validities. The SCS has been adapted and validated in other countries. The Portuguese

    version in non-clinical and clinical adult samples (Castilho et al., 2015) confirmed the

    six-factor and higher-order structures of the SCS and found good psychometric

    properties, high internal consistency for the total score (α = .94 for non-clinical and α =

    .92 for clinical samples) and subscales (ranging between .70 and .88).

    An exploratory study was conducted to adapt the Portuguese version of the SCS

    for adults to adolescents. This adaptation took into account the cultural and linguistic

    issues, but did not alter the items’ content of the original version, by maintaining the

    semantic equivalence across languages. For instance, in some items an example was

    added in order to make them more comprehensible for adolescents (e.g., item 5 “I try to

    be loving towards myself when I’m feeling emotional pain (e.g., do or say something

    kind towards myself)”; item 6 “When I fail at something important to me I become

    consumed by feelings of inadequacy (e.g., feelings of failure)”; item 22 “When I'm

    feeling down I try to approach my feelings with curiosity and openness (e.g., without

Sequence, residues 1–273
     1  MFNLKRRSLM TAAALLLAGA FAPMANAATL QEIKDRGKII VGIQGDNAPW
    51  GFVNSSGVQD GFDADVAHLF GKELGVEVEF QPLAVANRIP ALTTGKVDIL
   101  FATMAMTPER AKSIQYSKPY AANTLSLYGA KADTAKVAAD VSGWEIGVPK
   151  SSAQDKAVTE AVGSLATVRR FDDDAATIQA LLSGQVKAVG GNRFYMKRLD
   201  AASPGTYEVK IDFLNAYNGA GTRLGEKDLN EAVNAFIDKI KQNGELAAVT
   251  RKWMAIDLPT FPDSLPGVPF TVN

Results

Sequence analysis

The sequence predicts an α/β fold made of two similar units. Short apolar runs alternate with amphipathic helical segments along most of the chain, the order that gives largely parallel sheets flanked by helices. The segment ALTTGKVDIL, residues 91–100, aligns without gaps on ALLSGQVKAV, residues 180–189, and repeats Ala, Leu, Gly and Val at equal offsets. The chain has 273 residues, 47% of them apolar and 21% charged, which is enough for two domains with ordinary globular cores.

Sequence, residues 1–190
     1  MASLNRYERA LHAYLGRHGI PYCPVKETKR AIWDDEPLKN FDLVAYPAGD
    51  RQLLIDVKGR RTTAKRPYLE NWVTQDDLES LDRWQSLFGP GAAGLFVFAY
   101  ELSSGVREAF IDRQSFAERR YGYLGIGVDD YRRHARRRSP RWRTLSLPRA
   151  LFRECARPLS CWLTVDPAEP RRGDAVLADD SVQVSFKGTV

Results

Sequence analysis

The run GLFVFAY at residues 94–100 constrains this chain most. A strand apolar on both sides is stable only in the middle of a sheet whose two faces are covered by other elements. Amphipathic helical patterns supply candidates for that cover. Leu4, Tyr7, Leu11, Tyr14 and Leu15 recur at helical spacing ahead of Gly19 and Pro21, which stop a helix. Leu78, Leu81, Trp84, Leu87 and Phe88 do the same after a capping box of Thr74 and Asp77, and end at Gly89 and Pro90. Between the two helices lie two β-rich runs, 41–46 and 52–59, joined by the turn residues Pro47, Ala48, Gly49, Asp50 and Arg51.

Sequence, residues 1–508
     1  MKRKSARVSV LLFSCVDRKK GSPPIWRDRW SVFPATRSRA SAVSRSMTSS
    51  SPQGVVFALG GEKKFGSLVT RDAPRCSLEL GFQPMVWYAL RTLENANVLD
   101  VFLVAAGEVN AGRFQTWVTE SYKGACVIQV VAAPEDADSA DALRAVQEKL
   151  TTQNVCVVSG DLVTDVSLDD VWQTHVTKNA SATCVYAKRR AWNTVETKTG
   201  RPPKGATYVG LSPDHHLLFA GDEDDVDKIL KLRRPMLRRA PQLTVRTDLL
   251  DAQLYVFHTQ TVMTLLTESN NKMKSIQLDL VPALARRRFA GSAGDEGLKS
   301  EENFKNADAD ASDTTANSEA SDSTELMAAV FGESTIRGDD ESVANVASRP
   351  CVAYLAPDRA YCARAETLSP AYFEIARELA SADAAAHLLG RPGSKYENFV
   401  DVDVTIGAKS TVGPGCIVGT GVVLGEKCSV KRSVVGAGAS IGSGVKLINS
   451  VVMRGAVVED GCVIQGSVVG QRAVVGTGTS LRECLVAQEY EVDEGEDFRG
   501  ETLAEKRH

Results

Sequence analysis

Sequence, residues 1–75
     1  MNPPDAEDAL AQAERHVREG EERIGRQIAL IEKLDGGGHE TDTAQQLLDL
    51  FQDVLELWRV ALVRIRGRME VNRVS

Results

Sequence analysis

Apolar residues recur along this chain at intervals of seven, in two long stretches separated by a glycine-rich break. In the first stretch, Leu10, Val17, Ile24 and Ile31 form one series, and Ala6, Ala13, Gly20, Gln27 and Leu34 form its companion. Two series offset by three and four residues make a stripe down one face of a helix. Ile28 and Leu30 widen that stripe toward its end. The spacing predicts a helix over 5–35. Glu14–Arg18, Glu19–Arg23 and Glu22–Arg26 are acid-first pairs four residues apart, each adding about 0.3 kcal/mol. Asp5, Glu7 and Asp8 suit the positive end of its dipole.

judgements or trying to avoid them)”. Overall, these results showed promising

    psychometric properties for the SCS, despite its construct validity was not analysed

    (Cunha, Xavier, & Vitória, 2013). Therefore, this study aims to examine the factorial

    structure of the SCS in a large sample of adolescents from community and test the

    measurement invariance across gender. Finally, convergent validity is also explored

    with other related measures.

    2. Method

    2.1. Participants

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    The sample consists of 3165 adolescents, 1461 males (46.2%) and 1704 females

    (53.8%), with a mean age of 15.49 (SD = 1.59) ranging between 12 and 19 years old.

    This sample is from 7th to 12th grade (M = 9.70, SD = 1.43). No gender differences were

    found for age, t(3007,314) = 0.572, p = .567, and years of education, t(3053,235) = -1.648, p =

    .099.

    2.2. Measures

    Self-Compassion Scale (SCS; Neff, 2003a; Portuguese version for adolescents:

    Cunha et al., 2013) comprises 26 items and six subscales: Self-Kindness; Self-

    Judgment; Common Humanity; Isolation; Mindfulness; Over-Identification.

    Respondents were instructed with the sentence “how I typically act towards myself in

    difficult times” and were asked to answer each item according to a 5-point scale (1=

    Almost Never; 5= Almost Always). Subscale scores are computed by calculating the

    mean of subscale item responses. To compute the total score of SCS, the Self-Kindness,

    Common Humanity, and Mindfulness are summed with reverse scores of the Self-

    judgment, Isolation, and Over-identification subscales. Higher scores indicate greater

    self-compassion. In the original version, the total score showed an excellent internal

    consistency (α = .92) and the six subscales revealed adequate coefficients of int